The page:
It is important to notice the power in the sense circuitry (IIS_LIN; IIS_FAULT) is not negligible, thus the VIS should not
be limited, either by too low sense resistor, either by Zenering.
Application Note
Smart High-Side Switches
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Rev 1.0, 2010­12­15
App. Note
PROFET™ + Scalability
11
PROFET™ + Scalability
PROFET™ + belongs to a family. Every electrical parameter is scaled around the RDS(ON) value. The RDS(ON) value
scales mainly kILIS ratio, EAS capability and IL(SC) current limitation. All other parameters are identical!
11.1
High Ohmic Family
Table 18 summarizes the difference between the high ohmic PROFET™ +.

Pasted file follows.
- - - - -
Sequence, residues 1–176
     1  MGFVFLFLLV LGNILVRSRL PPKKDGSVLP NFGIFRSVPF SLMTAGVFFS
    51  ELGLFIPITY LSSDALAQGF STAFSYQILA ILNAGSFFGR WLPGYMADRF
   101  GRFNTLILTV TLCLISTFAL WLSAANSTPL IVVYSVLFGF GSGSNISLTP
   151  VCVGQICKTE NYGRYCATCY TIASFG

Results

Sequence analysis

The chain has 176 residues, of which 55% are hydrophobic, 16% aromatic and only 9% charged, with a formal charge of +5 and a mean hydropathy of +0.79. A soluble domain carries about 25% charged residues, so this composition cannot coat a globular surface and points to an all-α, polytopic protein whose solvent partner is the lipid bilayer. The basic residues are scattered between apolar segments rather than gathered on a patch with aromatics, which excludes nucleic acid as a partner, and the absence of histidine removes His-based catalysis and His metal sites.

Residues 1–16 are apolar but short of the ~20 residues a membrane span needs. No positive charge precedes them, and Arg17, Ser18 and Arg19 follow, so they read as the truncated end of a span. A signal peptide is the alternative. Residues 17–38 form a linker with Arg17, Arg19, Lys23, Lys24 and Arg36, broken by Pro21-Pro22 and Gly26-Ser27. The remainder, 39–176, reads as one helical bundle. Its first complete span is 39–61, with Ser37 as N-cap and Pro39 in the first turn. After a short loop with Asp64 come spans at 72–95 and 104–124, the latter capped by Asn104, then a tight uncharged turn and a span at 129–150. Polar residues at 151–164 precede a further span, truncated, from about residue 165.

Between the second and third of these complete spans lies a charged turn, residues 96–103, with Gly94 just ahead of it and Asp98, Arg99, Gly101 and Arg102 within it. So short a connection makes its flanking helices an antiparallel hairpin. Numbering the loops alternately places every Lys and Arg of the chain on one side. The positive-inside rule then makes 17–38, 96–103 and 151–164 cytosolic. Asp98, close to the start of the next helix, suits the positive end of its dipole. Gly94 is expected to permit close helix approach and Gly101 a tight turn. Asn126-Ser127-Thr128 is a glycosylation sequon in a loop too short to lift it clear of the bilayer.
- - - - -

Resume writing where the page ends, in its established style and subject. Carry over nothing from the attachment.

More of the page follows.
Table 18
Difference in High Ohmic Family
Number
Parameter
Symbol
BTS
5020
BTS
5030
BTS
5045
BTS
5090
BTS
5120
BTS
5180
Unit
Overview
Load
PLOAD
2*27+5
2*27
1*27+5
1*27
1*21
2*10
1*10
2*5
1*5
W
Overview
Typical kilis ratio
kILIS
PTOT
EAS
RthJA
RDS(ON)
3000
2150
1500
1500
550
550
-
Inom1
Inom21)
-IL(INV)1)
P_4.1.22
Maximum power
P_4.1.23
Inductive energy
P_4.3.2
Junction to ambient
P_5.5.1
P_5.5.21
On state resistance
P_5.5.2
P_5.5.3
Nominal load current
P_5.5.9
Inverse current
capability
P_5.5.19
1.9
1.9
1.6
1.6
1.4
1.4
W
80
60
40
30
15
10
mJ
33
33
35
35
40
40
K/W
44
20
60
30
90
45
180
90
240
120
360
180
mΩ
7
5
6
4
5
3
3.5
2.5
3
2
2
1.4
A
5
4
3
2.5
2
1.4
A
1
1
0.675
0.675
0.34
0.12
mJ
1
1
0.675
0.675
0.3375
0.12
mJ
P_6.6.4
EON
Switch OFF energy
EOFF
Load current limitation IL5(SC)
50
65
80
36
47
57
25
32
40
20
30
40
9
12
15
8
11
15
A
P_6.6.7
Load current limitation IL28(SC)
25
32
40
18
23
29
12
16
20
10
15
20
4
6
8
2
4
8
A
P_6.6.12
Short circuit average